More homebuyers and investors are purchasing off-the-plan properties, but there a number of risks they must understand before signing on the dotted line.
When you buy an OTP property you commit to buying a promise from a developer that a property that hasn’t yet been built will be completed to the expected specification and quality, within the agreed timeframe, and will deliver capital growth and solid rental return.
While you make a deposit of 10 per cent of the agreed purchase price, one of the risks is that it’s only when the property has been completed that the bank will complete a valuation either to approve, or sometimes deny, your loan.
Therefore, it is absolutely critical that the value of the property does not decrease between when the contract is signed and the actual bank valuation.
What are the major risks of buying OTP?
There are number of major risks associated with buying OTP properties compared to when you buy an existing one.
Firstly, there are a variety of financial risks, including:
- Settlement risk – the value of an OTP property may decrease between the original contract date and settlement;
- Equity risk – the price may reduce or the property may deliver poor capital growth; and
- Cash flow risk – the actual rental return may be poor and the landlord has to cover a significant shortfall between the rental income and the ongoing costs.
There are also legal and other types of risks which are driven by five risk factors. So, to help mitigate them, it’s vitally important to consider the following:
- Investment strategy
You must set your investment strategy around what you’re planning to do with the property, how long you’re planning to hold it, and how it aligns with your overall investment strategy (e.g. retirement plans).
- Where you buy
The property’s location can reduce your risk and deliver better capital growth, which is why we’ve created our Best and Worst Off-The-Plan Areas report.
Our research found that lower risk OTP properties are generally located in suburbs that:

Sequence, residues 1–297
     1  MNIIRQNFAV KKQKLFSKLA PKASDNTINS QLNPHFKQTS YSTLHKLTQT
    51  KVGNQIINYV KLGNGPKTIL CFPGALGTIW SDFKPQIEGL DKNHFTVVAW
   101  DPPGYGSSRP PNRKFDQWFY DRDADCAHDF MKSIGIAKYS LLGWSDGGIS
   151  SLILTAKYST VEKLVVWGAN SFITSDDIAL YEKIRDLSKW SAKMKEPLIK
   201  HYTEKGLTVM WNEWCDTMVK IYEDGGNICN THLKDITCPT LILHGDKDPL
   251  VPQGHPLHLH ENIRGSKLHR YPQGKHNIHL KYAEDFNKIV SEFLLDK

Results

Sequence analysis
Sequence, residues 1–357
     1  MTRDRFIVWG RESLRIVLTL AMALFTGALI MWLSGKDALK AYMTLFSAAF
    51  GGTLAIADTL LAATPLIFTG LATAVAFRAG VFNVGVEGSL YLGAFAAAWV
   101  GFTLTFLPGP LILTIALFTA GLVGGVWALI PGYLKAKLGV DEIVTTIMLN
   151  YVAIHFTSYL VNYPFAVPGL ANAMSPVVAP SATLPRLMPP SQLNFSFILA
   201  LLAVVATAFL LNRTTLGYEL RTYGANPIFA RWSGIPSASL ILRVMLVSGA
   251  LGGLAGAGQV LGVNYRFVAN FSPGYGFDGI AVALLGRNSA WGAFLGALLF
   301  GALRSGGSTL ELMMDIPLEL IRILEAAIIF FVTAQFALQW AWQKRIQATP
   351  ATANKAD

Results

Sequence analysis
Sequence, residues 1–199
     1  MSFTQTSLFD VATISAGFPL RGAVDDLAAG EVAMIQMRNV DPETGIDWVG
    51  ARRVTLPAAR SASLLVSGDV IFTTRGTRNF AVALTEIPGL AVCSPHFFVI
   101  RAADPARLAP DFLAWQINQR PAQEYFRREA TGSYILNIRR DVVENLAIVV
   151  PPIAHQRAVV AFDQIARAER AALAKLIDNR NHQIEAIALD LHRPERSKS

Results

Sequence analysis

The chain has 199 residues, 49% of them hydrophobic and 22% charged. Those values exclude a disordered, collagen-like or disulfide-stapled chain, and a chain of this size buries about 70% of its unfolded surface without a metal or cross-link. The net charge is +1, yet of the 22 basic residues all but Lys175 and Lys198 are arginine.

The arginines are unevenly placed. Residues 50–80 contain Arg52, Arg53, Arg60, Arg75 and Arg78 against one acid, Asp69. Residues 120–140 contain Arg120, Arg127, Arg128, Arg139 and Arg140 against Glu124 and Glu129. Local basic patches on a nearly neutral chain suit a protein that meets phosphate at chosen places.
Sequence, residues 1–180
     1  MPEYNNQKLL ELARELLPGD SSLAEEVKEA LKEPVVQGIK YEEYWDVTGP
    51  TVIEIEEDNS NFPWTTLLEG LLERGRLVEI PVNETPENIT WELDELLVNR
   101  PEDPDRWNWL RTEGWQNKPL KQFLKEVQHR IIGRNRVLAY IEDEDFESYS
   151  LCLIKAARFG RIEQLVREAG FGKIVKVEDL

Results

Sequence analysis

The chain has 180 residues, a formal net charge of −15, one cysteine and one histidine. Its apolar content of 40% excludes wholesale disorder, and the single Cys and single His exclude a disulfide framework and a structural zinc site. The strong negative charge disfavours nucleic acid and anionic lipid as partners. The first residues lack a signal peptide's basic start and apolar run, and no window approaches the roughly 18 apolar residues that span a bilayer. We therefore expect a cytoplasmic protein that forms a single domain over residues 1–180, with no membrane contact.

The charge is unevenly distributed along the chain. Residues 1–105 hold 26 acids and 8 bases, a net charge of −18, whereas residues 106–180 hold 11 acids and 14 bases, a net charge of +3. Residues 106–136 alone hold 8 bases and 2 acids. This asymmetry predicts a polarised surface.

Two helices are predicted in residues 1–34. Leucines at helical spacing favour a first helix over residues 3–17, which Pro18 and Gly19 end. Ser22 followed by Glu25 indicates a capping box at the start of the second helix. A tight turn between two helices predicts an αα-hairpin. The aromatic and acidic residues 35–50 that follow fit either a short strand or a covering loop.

- Are within a region with sustainable economic growth;
- Have a low proportion of new dwellings;
- Have a relatively higher median price;
- Are located in the middle-ring; and
- Have a lower renter ratio.
You must seek independent advice about the area, the property type, and its configuration. Bear in mind that any person who get a commission or “kickbacks” from a developer is not independent.
- What you buy
Our research found that OTP houses outperformed OTP units in the same area. Also, overall, across our four major capital cities, houses significantly and consistently outperformed units.
In addition, the property configuration (the number of bedrooms, bathrooms and parking, etc.) has a significant impact on risk. Larger units, generally, carry a lower risk than smaller units, as they appeal to owner-occupiers.
Generally, the highest level of risk are studio apartments and one-bedroom apartments. If the property size is less than 50 square meters, the risk is very high, as many lenders restrict lending on these properties.
- Who you buy from
The developer and the contract you sign carry significant risks, so you need to check:
- The developer’s financial stability, e.g. low risk for bankruptcy,
- Legal matters – it’s absolutely crucial that you use the services of a solicitor or conveyancer.
- Completion period, quality, and specifications.
- The deal
Since you’re buying a promise that carries significant risks, you need to find an attractive deal.
The most critical step here is that you, the buyer, do your research first on the suburb, the preferred property type, and the price range.
The RiskWise Property Review’s Best and Worst Off-The-Plan Areas reports are available at: otp.riskwiseproperty.com.au